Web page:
The lack of pipelines is not allowing the United States to maintain the pace of growth. In Appalachia, production growth dropped from 36% a year to 4%. In Permian Shael, Texas, the reduction was from 17% to 8%.
The world’s largest producer – and second-largest exporter (behind Russia) – of natural gas, the United States, is slowing growth in production of the raw material. Despite the increase in demand as countries try to free themselves from Russian dependence, outdated infrastructure is not allowing Washington to keep pace.
The ETQ Corporation – an American energy company that manages gas exploration in the country – indicates that, in Appalachia, the country’s largest production center, responsible for 37% of the gas in the US in 2021, the average growth was 36% between 2010 and 2019. This figure dropped to 4% in 2020 and 2021. In Permian Shael, Texas – the second-largest producer, with a share of 19%, – growth slowed to an average of 17% per year, between 2012 and 2020, to 8% in 2021.
When presenting the results, ETQ stated that it does not expect to return to the previous pace until more gas pipelines are built. Bank of America analysts, quoted by Reuters, indicate that Appalachia “is approaching its capacity limit”, estimating there is “little or no scope for production growth”. Already in Permian, analysts indicate that only the construction of new infrastructure can prevent a significant slowdown in the next year.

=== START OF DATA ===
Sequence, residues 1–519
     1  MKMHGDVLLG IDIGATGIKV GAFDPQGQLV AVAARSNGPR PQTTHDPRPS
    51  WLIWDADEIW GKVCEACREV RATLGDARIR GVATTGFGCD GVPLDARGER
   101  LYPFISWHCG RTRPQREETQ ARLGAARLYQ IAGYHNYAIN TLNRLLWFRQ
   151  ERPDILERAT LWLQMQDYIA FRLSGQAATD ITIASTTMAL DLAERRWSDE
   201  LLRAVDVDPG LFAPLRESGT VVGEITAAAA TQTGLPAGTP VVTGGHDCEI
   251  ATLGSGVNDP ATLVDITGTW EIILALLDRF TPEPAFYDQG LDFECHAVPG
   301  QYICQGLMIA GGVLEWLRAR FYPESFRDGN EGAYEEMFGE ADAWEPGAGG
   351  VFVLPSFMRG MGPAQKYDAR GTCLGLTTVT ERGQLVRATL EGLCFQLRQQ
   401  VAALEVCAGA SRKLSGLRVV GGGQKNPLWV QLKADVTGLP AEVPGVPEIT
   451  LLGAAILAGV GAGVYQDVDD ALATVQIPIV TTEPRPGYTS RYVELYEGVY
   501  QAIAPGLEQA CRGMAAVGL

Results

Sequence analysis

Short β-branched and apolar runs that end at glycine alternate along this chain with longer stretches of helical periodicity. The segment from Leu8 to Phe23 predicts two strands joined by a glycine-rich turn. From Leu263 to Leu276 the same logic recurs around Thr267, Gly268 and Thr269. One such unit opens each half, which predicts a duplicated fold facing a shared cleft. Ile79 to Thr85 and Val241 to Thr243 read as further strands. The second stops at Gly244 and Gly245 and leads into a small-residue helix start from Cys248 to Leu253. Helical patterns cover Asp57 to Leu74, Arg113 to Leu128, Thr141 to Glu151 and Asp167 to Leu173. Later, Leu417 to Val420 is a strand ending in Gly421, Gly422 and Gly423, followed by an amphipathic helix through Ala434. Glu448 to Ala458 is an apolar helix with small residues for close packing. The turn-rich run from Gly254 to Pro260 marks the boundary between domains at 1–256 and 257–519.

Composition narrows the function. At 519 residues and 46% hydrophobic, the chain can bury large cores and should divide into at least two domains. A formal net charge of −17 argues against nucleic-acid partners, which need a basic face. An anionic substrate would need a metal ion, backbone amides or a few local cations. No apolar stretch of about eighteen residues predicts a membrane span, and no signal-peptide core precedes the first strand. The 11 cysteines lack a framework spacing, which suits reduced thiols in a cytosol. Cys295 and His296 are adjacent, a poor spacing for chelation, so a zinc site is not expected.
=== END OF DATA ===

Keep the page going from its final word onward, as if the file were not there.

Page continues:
One of the factors that could change the current scenario of production in the United States is the resumption of the Mountain Valley project, in Virginia, stopped by legal issues, and with an estimated investment of 6.2 billion dollars. “This could be the last major natural gas project to operate east of the Mississippi River for some time,” believe analysts at ClearView Energy Partners, who are betting on the Mountain Valley start-up in mid-2023.
Still, despite the structural difficulties, the invasion of Ukraine sent US gas prices soaring by around 50%, hitting 14-year highs and pushing the estimated average annual value for 2022 to US$4.24 per mmBtu, the highest in eight years.
Source: With Agencies